The department of Economics is one of the pioneer departments of the University established in 2001/2002 session. The undergraduate economics program is carefully designed to produce economists who have a sound foundation in a wide range of specialized branches of economics.
In addition, students are groomed for competence in quantitative techniques in economics to pave way for prospective postgraduate studies anywhere in the world.
The undergraduate program is normally expected to last 3 to 4 sessions (i.e. six to eight semesters), depending on the point of entry, and leading to the award of the Bachelor of Science Degree in Economics (B.Sc. Econs).
The philosophy and mission statement underlying the Economics programmes of Nigerian universities is to produce graduates equipped with critical skills and abilities to: abstract using simplified models that identify the essence of a problem; analyze and reason – both deductively and inductively; marshal evidence, assimilate structure and analyze qualitative and quantitative data; communicate concisely the results to a wide audience, including those with no training in Economics; think critically about the limits of one’s analysis in a broader socio-economic context; and draw economic policy inferences and to recognize the potential constraints in their implementation.


  1. To provide training in the principles of economics and their application appropriate to the type of degree concerned: single, joint and combined studies;
  2. To stimulate students intellectually through the study of economics and to lead them to appreciate its application to a range of problems and its relevance in a variety of contexts;
  3. To provide a firm foundation of knowledge about the workings of an economy and to develop the relevant skills for the constructive use of that knowledge in a range in a range of settings;
  4. To develop in students the ability to apply the analytical tools, knowledge and skills acquire to the solution of societies’ economic problems.
  5. To equip students with appropriate tools of analysis to tackle issues and problems of economic policy;
  6. To develop in students, through the study of economics, a range of transferable skills that will be of value in employment and self-employment;
  7. To provide students with analytical skills arid an ability to develop simplifying frameworks for studying the real world;
  8. To provide students with the knowledge and skill base, from which they can proceed to further studies in Economics, related areas or in multi-disciplinary areas that involve Economics; and
  9. To generate in students an appreciation of the economic dimension of wider social and political issues.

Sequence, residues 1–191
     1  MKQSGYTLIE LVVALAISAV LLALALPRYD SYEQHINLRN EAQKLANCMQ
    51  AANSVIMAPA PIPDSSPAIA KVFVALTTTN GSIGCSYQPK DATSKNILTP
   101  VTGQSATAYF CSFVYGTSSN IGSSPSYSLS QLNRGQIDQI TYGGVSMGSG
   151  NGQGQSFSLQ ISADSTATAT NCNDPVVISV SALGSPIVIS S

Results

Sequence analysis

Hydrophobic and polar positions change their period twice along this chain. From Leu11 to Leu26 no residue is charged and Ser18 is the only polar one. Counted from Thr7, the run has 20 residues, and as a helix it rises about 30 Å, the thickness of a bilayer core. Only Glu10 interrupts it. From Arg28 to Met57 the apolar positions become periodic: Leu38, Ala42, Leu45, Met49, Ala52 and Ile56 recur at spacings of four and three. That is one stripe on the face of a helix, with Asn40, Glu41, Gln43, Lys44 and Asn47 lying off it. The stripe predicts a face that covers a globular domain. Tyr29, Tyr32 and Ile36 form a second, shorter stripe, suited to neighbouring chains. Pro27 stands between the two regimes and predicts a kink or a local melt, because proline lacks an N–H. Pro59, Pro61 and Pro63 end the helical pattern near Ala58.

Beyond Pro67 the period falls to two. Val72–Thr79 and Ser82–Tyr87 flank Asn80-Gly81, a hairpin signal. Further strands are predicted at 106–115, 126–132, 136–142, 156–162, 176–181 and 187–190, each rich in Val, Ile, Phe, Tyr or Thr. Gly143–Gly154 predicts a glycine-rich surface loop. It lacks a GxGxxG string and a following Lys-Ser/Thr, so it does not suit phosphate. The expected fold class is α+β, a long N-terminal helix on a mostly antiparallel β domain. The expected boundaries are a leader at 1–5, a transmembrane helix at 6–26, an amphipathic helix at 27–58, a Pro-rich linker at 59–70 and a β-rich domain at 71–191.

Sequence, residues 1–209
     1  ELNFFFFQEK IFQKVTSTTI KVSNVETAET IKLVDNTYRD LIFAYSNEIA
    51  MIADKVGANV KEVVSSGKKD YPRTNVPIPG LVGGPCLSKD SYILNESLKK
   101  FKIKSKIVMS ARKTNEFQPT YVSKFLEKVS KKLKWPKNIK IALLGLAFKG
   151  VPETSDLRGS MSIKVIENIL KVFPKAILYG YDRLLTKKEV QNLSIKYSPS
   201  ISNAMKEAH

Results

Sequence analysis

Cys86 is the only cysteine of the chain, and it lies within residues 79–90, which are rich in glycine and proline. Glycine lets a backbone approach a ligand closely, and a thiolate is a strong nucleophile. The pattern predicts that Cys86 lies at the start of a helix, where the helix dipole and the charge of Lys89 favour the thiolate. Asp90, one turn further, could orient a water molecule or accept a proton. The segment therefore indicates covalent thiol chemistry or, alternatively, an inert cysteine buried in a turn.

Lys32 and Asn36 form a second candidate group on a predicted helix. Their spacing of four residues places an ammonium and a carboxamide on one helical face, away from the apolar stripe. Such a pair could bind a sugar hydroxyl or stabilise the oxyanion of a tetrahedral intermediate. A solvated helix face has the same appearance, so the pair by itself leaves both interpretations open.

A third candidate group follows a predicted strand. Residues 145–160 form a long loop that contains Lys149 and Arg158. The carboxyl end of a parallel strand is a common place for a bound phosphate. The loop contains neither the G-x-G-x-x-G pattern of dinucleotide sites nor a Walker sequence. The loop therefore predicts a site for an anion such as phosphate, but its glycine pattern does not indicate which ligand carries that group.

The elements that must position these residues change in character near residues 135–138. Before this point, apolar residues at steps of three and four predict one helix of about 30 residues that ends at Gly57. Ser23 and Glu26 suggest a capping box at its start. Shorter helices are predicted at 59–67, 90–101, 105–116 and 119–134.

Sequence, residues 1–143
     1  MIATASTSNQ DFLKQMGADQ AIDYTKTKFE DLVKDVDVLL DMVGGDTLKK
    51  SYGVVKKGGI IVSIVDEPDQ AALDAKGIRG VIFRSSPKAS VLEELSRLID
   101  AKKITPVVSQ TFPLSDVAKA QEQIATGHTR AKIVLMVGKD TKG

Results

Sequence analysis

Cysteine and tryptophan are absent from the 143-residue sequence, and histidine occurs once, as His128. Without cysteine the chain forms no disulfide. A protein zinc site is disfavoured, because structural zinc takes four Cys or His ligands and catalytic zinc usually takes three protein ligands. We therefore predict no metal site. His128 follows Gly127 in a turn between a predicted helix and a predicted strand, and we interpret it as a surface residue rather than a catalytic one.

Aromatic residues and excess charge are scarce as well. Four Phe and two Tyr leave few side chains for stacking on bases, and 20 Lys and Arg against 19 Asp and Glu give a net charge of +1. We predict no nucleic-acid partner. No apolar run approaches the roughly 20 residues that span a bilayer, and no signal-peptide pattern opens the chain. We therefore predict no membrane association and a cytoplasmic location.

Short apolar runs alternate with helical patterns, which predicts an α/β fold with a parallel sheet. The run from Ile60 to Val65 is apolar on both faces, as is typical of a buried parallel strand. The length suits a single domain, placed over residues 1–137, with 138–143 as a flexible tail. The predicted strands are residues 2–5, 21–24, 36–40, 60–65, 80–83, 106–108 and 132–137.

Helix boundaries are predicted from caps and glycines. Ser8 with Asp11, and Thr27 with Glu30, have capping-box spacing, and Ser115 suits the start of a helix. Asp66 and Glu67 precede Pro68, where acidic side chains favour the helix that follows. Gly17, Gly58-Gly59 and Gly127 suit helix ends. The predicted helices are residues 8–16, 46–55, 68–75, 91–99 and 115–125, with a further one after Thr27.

• Candidates for admission into four – year degree program in the department should possess a Senior Secondary School certificate or General certificate of Education or their equivalent with at least five credit passes of which three shall be Economics, Mathematics and. English. In addition, candidates must, have acceptable passes in University Tertiary Matriculation Examination (UTME)
  • Candidates for Direct Entry admission (i.e. three – year program) shall possess five credit passes in general certificate of Education or its equivalent of which at least two shall be in advanced level, provided such passes are not counted at both levels of the examination.
  • Candidates wishing to join the department for four – year degree program through the Remedial Program must have at least credit passes in four subjects including Economics at ordinary level. After the Remedial Program, such candidates must acquire credit passes in at least five subjects including Mathematics and English Language (a Faculty requirement).


  • Courses are categorized into two: Core (compulsory) and Elective (cognate). A core (compulsory) course must be taken and passed by all students before they can be awarded a degree.
  • An Elective (cognate) course may be taken by a student but could be substituted for another in the same category. Elective courses consist of a wide range of courses from which students must select a given number which they must pass before they can be awarded a degree. The Elective courses cover virtually all branches of economics and business studies and allow for specialization in these fields. Such courses would not be required of all students, but from those specializing in the economic branch group and could be from within or outside the department and/ or from within or outside the faculty.
  • For each course specified, the categories to which it belongs and weight (units) attached are indicated.
  • All courses are listed by the year in which they could be offered on the program. Lower level course serve as prerequisite for higher-level course.
  • Pre-requisite courses are those courses students need to pass in order to register for higher level courses
  • A unit of course is defined as one contact hour of lecture/tutorial or seminar or three hours practical per week in a semester of 15 weeks. A student is expected to take and pass a minimum of 15 and maximum of 24 credit units of courses in any given semester. A student must accumulate at least 30 units per level to qualify for graduation.
  • All students for the four-year program are required to take and pass four general (university) courses at the 100 level before graduation.

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